With the release of the buzzy new Netflix sitcom Unbreakable Kimmy Schmidt came the latest wave of arguments against the all-at-once TV season dump, in which every episode in a season is released at the same time. In one such piece for Medium, Rex Sorgatz suggests an alternative to the Netflix and Amazon model that more closely resembles the typical multi-day roll out of miniseries. This, he argues, would help audiences synchronize their viewing schedules and reviewers navigate spoilers. But there’s at least one unforeseen upside when all episodes are released at once: The writers don’t get the chance to self-correct in the middle of the season.
Unbreakable Kimmy Schmidt has been a critical hit for Netflix and executive-producer Tina Fey, but almost as quickly as praise rushed in for the show, so did the criticisms taking aim at how it dealt with race. In particular, Dong, Kimmy’s beau, and Jacqueline, Kimmy’s employer, have come under fire for their respective representations of Asian men and Native Americans. As these characters have been scrutinized, Fey’s history of wading unabashedly (and sometimes uncomfortably) into broad race-based humor has also been examined.
It’s a good thing that people are thinking about and questioning these aspects of the show. But the fact that all of these criticisms had to wait until after all of Season 1 had been released is an undoubtedly good thing, too. We’ve seen repeatedly how it can impair a show when writers feel the need to react quickly to mounting dissent against their work. The prime example of this may be Aaron Sorkin, notorious for addressing outside criticism in his shows, often clumsily. Episodes of The West Wing were mostly written as the season went along, mere weeks in advance, which made it quite easy for him to adjust plot points and narratives. After the 1999 season premiere’s lack of diversity drew protests from the NAACP, a bunch of minority characters suddenly appeared in subsequent episodes. (“There’ll be black faces, Asian faces, Latin faces, men, women all over the place,” Sorkin told the New York Times. “Are we a little late to the party? Yes we are.”)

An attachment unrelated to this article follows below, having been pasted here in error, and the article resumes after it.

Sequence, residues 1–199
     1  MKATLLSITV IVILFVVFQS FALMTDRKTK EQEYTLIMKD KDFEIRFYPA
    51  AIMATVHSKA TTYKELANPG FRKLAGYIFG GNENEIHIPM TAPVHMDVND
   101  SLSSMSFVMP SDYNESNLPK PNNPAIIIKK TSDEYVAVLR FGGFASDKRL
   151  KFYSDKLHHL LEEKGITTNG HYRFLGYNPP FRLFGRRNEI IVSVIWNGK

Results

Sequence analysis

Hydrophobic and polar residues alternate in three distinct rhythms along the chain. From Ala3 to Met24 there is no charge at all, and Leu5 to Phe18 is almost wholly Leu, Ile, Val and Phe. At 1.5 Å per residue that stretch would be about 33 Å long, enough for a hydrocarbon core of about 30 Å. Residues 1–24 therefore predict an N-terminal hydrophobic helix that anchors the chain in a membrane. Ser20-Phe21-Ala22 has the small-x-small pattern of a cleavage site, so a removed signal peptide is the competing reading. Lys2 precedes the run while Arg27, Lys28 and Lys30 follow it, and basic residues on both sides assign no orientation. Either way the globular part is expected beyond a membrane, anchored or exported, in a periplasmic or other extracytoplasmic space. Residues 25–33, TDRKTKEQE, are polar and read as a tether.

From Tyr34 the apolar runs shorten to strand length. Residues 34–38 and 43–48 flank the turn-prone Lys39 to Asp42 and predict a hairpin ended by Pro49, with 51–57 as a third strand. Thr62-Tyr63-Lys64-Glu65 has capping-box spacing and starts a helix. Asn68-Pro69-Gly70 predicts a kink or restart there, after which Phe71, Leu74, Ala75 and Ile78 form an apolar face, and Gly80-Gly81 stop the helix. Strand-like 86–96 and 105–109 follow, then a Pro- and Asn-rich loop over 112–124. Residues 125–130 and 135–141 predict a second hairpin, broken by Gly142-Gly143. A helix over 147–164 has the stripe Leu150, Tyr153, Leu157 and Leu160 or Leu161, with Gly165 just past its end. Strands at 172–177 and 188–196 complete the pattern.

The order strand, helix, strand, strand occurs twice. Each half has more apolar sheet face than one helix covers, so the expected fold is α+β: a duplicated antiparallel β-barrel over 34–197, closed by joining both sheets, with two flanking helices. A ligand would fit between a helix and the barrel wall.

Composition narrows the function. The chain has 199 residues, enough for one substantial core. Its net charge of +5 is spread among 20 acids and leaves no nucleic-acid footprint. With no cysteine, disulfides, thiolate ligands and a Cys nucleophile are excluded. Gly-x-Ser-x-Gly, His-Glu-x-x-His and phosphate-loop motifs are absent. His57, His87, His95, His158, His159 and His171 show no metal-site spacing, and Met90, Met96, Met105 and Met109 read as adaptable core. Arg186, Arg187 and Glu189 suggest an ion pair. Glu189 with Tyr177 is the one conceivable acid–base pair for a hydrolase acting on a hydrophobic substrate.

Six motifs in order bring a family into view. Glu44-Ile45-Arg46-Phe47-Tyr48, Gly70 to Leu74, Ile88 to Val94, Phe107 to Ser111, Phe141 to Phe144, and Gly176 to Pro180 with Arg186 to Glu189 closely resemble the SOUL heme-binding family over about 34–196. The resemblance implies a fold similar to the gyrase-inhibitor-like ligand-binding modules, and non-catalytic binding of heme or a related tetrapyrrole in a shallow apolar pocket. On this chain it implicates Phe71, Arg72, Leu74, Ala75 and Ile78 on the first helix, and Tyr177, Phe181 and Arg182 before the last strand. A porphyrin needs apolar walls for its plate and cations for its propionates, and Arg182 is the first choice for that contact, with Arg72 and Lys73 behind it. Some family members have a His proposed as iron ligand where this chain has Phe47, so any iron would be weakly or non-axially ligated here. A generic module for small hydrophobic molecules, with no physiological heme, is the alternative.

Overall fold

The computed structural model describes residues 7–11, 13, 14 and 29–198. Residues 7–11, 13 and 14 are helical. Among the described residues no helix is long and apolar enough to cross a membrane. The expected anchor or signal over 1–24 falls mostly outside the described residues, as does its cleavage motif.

And when the infamous West Wing episode “Night Five” aired, it was instantly recognizable to fans of the show as a direct retort to the accusations of sexism that had long plagued Sorkin. In the episode, speechwriter Sam tells lawyer Ainsley that her attire is “enough to make a good dog break his leash,” which provokes a clunky conversation about office sexism. (Meanwhile, Ainsley—clearly speaking as a Sorkin mouthpiece—essentially says that the government has bigger fish to fry than worries about objectifying women.) It’s a hamfisted plot that only serves to distract from the world of the show and draw attention to Sorkin himself.
Needless to say, many shows rejigger themselves between seasons based on the whims of public opinion. These tweaks can sometimes result in positive changes, as when The Good Wife introduced, to most viewers’ dismay, Kalinda’s estranged, abusive husband Nick. The show scrapped the unpopular storyline mid-season to mostly positive feedback. But in our age of TV recaps and minute-by-minute micro-analysis, it’s easier than ever for a specific criticism to gather momentum and outpace the show itself, snowballing even faster than the writers can put out new episodes.
The first season of Unbreakable Kimmy Schmidt benefited from the writers’ inability to recalibrate—and from the way the multi-episode streaming dump puts pressure on viewers to consider a whole bundle of episodes at once. Titus could have easily seemed, at first glance, like a full-fledged cliché: a bundle of tics and catchphrases that simply parroted stereotypes about gay men. I, for one, became instantly enamored with Titus as a character, while as a straight woman, I also wondered if I should be. But over the course of the season, the character deepened; he became more than just Kimmy’s confidante and best friend, but also a character with his own issues to work out. (The “straight coach” subplot in Episode 10 is both hilarious and enlightening.)
On the flip-side, Jacqueline’s Native American backstory and the uneasy portrayal of Dong as Kimmy’s boyfriend were rightly called out by critics for failing to truly break out of their awkward, uncomfortable archetypes—only becoming more and more caricatured as the season progressed. But instead of eliciting knee-jerk reactions based on just a couple of available episodes, critics (and audiences) were able to look at the first season as a whole. Within hours of the show’s Netflix premiere, a slew of smart, informed pieces about the show’s treatment of these characters had sprung up online.
Therein lies the beauty of the Netflix and Amazon models: Releasing the season all at once allows shows like Unbreakable Kimmy Schmidt to get out ahead of the media cycle and lets writers lay their cards on the table, good or bad, even before the rest of us have a chance to react. As more and more TV shows take on hot-button cultural topics like race, gender, and sexuality, we should probably be grateful for any platform that pushes us to take the long view instead of jumping on perceived issues the second they flare up.